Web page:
Meatball Machine [ミートボールマシン] (2006)
Starring Issei Takahashi, Aoba Kawai, Kenichi Kawasaki, Shōchirō Masumoto, Tōru Tezuka, Ayano Yamamoto
Directed by Yūdai Yamaguchi
Unlike the other Japanese horror films I’ve reviewed for previous Octobers, Meatball Machine isn’t very goofy or humorous, even unintentionally. It’s more of a straightforward thriller about a bunch of cyborg monsters ripping innocent people (and each other) apart. Considering the title, I was hoping for something a bit more lighthearted, but I can make do with what I got, although even after watching it I still have no idea what that title is all about.
Coming from the mid 2000s you might be expecting a riot of piss-poor CG effects littering the film, but I can thankfully report that the vast majority of this film’s FX work is physical. It’s still very low budget and the monster suits look far more like rubber than the metal they’re supposed to look like, but I’ll take that over bad CG any day. Meatball Machine is also filled with these effects at every turn. This is definitely not a B-movie to skimp on the action, and that makes it a pretty fun, if not amazing, film to watch.
The story starts off with a pair of crazy cyborg-looking dudes beating each other up, with the victor about to eat the vanquished. He’s soon interrupted by some guy who stabs him in the back with some kind of electric spear thingamajig. All this is a nice opening, but it keeps going with more of the creatures taking over host bodies, and you begin to wonder if there even is a story, or if it’s just an endless chain of monster fights. This actually makes the film a rather slow starter as you have no one to root for and nothing to care about.
As the film goes on, however, it finally introduces us to the main character, Yoji, who is kind of a loner with secret longings for Sachiko, the girl across the street from his job. Of course he winds up getting into all sorts of trouble with his asshole coworkers and the monsters involving his dearly beloved, otherwise we wouldn’t have much of a movie here. There’s also a mad scientist on the loose with his creepy bandaged daughter in tow to spice things up and give a few explanations. So at last we have something to give the film focus and direction, and therefore a reason to keep watching.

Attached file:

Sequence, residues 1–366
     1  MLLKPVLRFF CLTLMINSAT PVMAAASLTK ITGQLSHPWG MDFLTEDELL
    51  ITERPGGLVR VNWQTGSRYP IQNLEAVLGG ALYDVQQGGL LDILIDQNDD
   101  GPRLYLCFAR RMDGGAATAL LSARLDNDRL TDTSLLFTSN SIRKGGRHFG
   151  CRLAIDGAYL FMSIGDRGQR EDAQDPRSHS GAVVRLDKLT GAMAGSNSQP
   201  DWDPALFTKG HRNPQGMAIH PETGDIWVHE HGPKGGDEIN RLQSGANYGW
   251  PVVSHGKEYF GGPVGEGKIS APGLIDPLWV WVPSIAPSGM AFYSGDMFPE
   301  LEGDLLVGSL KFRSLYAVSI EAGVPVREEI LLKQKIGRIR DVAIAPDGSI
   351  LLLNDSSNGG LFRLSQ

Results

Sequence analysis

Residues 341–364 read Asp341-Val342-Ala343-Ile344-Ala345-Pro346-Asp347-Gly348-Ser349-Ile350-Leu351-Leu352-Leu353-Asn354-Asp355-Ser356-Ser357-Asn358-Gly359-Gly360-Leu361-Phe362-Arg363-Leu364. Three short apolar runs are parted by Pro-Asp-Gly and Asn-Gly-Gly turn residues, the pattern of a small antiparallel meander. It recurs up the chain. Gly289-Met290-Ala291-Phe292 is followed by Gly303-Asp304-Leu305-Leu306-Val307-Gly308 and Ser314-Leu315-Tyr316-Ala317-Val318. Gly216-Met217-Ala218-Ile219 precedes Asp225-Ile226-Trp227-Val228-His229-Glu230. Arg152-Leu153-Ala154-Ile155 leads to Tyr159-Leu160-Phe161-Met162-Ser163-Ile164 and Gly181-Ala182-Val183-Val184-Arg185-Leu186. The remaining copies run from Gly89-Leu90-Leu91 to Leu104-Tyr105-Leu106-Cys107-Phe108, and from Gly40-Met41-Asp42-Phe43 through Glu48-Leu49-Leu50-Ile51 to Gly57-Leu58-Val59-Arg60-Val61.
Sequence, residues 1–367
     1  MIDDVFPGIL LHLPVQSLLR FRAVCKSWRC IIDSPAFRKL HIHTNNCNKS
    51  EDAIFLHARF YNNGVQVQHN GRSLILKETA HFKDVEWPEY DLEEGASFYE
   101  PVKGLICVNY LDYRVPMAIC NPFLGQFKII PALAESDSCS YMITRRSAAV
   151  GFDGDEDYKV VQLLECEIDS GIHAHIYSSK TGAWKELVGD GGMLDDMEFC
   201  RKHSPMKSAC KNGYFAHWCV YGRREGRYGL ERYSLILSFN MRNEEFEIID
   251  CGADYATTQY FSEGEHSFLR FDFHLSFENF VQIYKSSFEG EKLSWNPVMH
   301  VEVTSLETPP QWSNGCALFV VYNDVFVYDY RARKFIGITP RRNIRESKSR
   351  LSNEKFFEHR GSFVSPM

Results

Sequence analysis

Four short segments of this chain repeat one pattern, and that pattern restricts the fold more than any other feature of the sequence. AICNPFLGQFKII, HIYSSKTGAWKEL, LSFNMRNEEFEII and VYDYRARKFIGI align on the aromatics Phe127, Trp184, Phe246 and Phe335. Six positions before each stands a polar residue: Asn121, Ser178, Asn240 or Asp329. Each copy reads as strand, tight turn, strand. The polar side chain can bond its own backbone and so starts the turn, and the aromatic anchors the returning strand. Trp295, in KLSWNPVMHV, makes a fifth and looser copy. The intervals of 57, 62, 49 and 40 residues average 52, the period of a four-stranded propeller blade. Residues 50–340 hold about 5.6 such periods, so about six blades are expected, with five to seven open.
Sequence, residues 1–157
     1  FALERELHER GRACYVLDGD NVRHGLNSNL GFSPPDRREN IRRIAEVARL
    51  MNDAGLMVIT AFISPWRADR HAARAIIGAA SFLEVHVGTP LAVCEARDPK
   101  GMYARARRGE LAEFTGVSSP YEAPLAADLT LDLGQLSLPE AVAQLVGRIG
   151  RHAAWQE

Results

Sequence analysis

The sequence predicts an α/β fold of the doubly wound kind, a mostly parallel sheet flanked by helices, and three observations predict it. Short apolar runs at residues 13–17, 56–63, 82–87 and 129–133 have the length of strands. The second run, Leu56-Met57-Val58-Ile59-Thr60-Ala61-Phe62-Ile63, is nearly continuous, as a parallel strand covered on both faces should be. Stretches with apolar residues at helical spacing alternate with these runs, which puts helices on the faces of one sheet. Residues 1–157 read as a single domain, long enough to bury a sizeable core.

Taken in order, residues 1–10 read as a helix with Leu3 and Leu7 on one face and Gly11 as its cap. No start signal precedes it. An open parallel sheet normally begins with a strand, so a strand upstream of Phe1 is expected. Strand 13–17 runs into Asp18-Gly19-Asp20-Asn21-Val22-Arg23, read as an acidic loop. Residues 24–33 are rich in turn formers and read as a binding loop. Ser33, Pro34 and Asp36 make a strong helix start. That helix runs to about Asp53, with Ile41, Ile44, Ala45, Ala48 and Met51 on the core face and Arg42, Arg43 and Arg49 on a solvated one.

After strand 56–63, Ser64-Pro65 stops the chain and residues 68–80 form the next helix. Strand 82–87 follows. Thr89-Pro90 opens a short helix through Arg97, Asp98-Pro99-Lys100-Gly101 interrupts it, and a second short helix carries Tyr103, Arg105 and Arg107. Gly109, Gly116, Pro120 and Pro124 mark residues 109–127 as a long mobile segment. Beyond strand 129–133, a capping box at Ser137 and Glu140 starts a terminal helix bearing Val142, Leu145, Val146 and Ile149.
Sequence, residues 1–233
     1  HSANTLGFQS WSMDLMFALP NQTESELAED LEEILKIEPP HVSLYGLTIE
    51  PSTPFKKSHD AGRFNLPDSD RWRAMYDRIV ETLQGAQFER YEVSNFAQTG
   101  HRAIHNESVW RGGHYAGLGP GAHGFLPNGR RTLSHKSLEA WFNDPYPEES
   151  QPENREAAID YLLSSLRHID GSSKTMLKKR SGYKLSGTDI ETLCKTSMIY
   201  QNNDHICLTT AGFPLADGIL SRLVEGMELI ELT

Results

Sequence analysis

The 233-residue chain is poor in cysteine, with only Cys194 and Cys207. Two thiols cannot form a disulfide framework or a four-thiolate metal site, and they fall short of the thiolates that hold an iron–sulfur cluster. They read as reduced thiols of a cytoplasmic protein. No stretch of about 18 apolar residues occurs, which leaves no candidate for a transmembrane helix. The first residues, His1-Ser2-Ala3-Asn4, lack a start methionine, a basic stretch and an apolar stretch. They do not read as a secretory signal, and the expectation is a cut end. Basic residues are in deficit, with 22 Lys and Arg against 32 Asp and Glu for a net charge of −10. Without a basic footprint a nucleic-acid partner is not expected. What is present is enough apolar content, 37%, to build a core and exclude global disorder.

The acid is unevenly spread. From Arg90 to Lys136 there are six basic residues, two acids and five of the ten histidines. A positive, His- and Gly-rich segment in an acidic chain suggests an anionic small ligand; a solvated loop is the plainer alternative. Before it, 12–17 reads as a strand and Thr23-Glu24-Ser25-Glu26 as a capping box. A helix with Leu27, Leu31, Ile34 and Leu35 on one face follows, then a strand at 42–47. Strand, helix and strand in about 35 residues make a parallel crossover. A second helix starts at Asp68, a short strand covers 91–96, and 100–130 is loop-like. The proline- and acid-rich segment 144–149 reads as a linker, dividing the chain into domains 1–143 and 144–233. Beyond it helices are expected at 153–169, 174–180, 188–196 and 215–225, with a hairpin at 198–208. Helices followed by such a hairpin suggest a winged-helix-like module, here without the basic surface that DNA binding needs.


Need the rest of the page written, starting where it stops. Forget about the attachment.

Of course the monster fights are a good reason to keep watching as well with all the blood and violence. The special effects work is something of a mixed bag. I wasn’t all that impressed with the cyborg monster costumes, though there are some small moments of eye-gouging, limb-rending gore when people get taken over that reminded me just a touch of early Peter Jackson stuff, though mostly the focus is on lots of blood rather than gore.
The real treat of the FX department is the puppets of the actual creatures that possess people inside their cocoons. They are full of oozy, gooey goodness as they spawn and attach themselves to their hosts’ insides. I don’t even know what the hell they were doing half the time, but they were always grimace inducing.
Perhaps the biggest flaw is the lack of variety. All the monsters look pretty much the same, so there’s not a lot of variety to keep things interesting. Fortunately, the film keeps a good grip on pacing. Each encounter with the monsters reveals more of their nature and how they operate. It has an excellent balance of questions and answers, and an ever-accelerating amount of cool, disgusting FX work as we see the monsters in progressively more and more of their creepy glory. So despite having more or less the same thing every time, we get enough new stuff to keep it from getting too dull.
The film as a whole is pretty well done with good pacing and lots of practical FX, and if you’re a fan of body horror, this is not a bad choice at all. I do wish it had a bit more monster variety and introduced the hero a lot sooner, but in the end it was certainly worth watching as the film’s strengths more than made up for its weaknesses.